J. C. Fisher
Guest

And what, dear Edward, of the “young” or “students” who are female—and discern in themselves a call to the priesthood? Is their despair the price of assuaging yours?

And Dave, re “in *their* perception”: certainly, what’s good for “legitimate dissenters”, is good for women discerning a call…

[Still gobsmacks me that the CofE is treating this issue as a “What if?” C’mon, this wheel’s been invented already: women priests and women bishops are JUST FINE, thank you! Thanks be to God! :-D]

Edward
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Edward

Thankyou for the link to the CEEC document. By saying I had done some background reading I meant that I have read ‘Women in the Church’, ‘Consecrated Women’ and ‘The Rochester Report’ in their entirety as objectively as I could. I’m always wary of ‘secondary issues’ as I feel one has to believe in an entire corpus, rather than determine what is important and what is not – what right have we to do that ?. The big two churches, the RC and the Orthodox (I accept it is an open question interestingly in some parts of the Orthodox Church)do… Read more »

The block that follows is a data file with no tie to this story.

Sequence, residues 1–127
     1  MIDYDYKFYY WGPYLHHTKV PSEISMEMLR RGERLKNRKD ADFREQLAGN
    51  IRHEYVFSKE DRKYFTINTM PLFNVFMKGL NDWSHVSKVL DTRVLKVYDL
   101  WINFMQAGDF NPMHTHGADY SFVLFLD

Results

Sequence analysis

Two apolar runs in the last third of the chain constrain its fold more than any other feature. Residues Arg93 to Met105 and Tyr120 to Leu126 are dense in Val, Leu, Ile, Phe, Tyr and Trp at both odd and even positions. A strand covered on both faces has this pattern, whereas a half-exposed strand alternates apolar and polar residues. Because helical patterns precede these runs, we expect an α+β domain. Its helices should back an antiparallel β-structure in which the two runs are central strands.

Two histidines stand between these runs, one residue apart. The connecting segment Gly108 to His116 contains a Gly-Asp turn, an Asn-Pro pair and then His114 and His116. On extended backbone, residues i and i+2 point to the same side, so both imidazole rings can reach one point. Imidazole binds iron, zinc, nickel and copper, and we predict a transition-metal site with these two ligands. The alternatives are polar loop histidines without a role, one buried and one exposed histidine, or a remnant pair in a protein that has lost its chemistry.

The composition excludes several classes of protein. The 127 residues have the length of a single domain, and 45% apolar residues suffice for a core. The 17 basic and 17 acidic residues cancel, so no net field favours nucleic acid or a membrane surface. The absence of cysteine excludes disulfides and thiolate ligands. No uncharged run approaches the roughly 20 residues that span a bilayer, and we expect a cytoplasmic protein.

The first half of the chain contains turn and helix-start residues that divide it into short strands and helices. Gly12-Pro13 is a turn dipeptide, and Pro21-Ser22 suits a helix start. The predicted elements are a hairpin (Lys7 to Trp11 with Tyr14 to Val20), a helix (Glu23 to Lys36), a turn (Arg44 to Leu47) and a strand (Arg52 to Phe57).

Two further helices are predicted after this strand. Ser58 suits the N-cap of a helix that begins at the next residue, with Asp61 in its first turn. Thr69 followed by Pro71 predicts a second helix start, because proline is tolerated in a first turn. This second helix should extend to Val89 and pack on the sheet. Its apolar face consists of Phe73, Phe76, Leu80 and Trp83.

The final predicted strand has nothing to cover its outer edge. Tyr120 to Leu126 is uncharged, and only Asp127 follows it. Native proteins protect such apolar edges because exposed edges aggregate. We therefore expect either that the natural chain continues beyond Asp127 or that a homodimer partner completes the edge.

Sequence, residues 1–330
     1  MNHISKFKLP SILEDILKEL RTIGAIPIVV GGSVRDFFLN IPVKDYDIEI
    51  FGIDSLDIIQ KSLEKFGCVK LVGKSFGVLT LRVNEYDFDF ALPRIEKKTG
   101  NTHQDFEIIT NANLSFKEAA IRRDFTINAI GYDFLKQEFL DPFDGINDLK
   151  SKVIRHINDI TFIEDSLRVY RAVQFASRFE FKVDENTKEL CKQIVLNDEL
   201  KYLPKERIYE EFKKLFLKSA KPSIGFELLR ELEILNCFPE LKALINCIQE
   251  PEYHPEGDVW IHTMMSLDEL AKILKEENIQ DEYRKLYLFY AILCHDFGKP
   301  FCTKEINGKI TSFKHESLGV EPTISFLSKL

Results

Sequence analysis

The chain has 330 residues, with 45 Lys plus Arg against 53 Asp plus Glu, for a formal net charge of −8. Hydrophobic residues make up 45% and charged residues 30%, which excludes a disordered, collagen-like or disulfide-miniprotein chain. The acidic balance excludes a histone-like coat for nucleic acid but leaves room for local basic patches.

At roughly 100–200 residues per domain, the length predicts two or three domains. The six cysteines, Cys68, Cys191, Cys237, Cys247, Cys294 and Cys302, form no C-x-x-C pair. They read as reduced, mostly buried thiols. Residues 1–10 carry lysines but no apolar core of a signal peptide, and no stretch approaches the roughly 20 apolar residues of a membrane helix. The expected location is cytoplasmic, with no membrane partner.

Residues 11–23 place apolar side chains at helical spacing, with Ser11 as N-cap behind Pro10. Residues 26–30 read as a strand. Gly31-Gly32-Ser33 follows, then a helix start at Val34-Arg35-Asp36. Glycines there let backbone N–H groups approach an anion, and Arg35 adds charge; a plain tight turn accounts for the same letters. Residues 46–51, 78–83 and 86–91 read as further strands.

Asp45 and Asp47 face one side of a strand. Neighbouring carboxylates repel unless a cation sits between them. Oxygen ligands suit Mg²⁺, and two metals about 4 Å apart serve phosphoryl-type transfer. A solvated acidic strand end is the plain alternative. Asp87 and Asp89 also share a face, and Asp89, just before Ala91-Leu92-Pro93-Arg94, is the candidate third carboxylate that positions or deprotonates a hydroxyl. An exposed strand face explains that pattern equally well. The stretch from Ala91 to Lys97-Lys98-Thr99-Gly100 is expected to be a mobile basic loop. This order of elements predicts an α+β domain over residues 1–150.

drdanfee
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drdanfee

Yes, despite all the deep reservations being expressed, our general church experiences with women in leadership have been quite positive, just as has happened in other domains of work and society outside the churches. We have indeed already put these alarming traditionalistic claims to some visible, longer-term testing in church life, and so far they just don’t pan out as loudly predicted. Medicine didn’t collapse just because women became doctors. Law and public policy didn’t collapse just because women were admitted to the Bar, or elected as MP’s. Believers are not going to hell in a handbasket, just because some… Read more »

Jay Morris
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Jay Morris